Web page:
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If, Whether Or Not; When Figurative Language Fails; Texts For Effects.
If, Whether Or Not
The words ‘if’ and ‘whether’ are often used interchangeably. In most cases, it isn’t a problem. Sometimes, though, it can lead to awkwardness or misunderstanding.
‘If’ is associated with a cause and its effect, as in ‘If X (cause), then Y (effect)’.
If I go on that ride, I will feel sick.
The melon will explode if you drop it from the tenth storey window.
In each case, the sentence suggests a predictable outcome.
If you want to indicate options, you need to change the form of the sentence. (Note the use of ‘if’ here, too).
In speech, you might hear this:
If I go on that ride or not, I will feel sick.
(Two potential ‘causes’; same result. Sickness is looming, regardless)
The melon will explode if you drop it from the tenth storey window, or not.
(It’s sure to go ‘boom’. There’s a third possible cause: an explosive?)
The ‘if… or not’ construction isn’t really correct language, though, and it's clumsy when written.
There’s a better way.
The construction ‘whether’ or ‘whether … or not’ is associated with presenting options, alternatives or uncertainties.
Replace ‘if’ with ‘whether’ in the two examples above. The meaning will be understood and it sounds better. Sometimes, it’s better still when the ‘or not’ comes immediately after ‘whether’.
Whether or not I go on that ride, I will feel sick.
The melon will explode whether you drop it from the tenth storey window, or not.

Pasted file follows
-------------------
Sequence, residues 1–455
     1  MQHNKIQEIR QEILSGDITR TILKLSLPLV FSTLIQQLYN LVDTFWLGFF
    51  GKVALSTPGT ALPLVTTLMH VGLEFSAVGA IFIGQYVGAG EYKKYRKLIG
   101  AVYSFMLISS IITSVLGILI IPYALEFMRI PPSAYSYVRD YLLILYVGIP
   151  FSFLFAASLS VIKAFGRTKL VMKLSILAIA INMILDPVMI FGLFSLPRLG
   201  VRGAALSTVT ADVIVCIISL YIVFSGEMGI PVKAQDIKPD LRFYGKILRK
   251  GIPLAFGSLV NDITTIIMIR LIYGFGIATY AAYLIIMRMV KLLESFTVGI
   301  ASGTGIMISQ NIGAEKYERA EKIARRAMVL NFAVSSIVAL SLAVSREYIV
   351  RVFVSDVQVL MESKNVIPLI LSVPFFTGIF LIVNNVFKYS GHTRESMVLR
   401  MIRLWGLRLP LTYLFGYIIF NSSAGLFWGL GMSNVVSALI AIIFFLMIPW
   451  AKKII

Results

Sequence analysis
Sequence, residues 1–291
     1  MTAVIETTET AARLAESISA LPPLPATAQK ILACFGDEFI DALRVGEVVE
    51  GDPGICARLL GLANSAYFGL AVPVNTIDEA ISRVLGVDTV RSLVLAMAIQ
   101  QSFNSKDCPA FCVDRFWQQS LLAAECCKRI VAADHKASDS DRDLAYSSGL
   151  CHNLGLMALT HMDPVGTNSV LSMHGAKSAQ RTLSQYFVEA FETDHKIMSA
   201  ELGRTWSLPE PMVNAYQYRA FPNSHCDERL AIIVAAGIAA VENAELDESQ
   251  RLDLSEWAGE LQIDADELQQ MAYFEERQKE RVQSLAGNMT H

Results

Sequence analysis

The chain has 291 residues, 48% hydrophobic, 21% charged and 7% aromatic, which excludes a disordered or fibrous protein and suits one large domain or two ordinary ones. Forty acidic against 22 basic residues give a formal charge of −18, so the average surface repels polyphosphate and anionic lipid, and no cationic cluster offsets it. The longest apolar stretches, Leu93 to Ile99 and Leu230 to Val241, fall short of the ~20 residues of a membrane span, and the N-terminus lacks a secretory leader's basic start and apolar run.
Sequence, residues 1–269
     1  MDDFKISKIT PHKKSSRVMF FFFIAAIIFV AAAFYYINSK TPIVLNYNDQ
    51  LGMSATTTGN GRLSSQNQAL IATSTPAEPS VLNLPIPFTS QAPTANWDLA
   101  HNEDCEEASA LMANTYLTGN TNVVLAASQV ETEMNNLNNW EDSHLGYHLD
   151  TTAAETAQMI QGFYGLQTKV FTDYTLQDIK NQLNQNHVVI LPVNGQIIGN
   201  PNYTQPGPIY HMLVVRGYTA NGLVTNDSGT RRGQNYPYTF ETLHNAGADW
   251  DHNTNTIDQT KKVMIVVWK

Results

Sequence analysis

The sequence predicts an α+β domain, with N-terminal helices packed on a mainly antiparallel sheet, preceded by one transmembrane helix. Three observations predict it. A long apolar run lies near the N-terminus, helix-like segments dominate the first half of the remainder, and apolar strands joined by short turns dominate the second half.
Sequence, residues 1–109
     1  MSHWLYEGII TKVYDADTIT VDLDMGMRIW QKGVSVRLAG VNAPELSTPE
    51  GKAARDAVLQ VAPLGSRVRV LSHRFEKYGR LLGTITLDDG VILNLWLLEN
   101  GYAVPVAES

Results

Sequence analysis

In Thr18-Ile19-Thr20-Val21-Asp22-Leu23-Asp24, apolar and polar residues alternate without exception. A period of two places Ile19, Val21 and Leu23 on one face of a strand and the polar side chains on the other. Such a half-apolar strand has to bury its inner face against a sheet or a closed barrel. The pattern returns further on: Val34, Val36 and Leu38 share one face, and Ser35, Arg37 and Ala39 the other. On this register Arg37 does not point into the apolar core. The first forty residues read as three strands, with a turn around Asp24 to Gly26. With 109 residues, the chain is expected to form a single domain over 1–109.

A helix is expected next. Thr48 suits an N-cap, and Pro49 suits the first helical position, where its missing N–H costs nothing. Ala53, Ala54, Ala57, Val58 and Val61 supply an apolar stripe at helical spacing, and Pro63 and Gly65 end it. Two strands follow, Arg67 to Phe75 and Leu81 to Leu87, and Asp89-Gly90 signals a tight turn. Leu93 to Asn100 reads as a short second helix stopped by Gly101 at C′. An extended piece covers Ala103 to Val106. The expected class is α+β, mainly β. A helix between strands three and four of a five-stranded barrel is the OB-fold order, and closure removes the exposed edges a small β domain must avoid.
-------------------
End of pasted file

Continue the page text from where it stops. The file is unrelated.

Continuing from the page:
Finally, in some situations you need to use ‘whether' (whether you like it or not) ….
When Figurative Language Fails
We love to use figurative language. It adds colour, interest and extra emphasis to points we want to make. When it’s wrongly applied, though, it ruins the image completely.
Lots of people send the wrong message when they try to use these figurative expressions:
You have to take the good with the bad
The icing on the cake and The cherry on top
Gilding the lily.
Texts For Effects
Writers construct texts to shape the response of their readers; readers react and respond to what they read.
This writer-reader interaction is fundamental. That’s why you should focus on making it a positive and effective one.
10 questions for Better Communication
Here are 10 questions to ask (and to answer)
1 Can you identify your intended audience?
2 What is the specific purpose of the text?
3 Does its form match your intention?
4 Think about your title; what does it suggest?
5 What tone have you adopted?
6 Which perspective are you presenting?
7 Is the content appropriate and relevant?
8 What is the structure of the text?
9 What language techniques have you employed?
10 What is the ‘do next’ (the call to action) of your text?
Are you ticking all the boxes?
The Key Terms are in bold; I have outlined them the main article.
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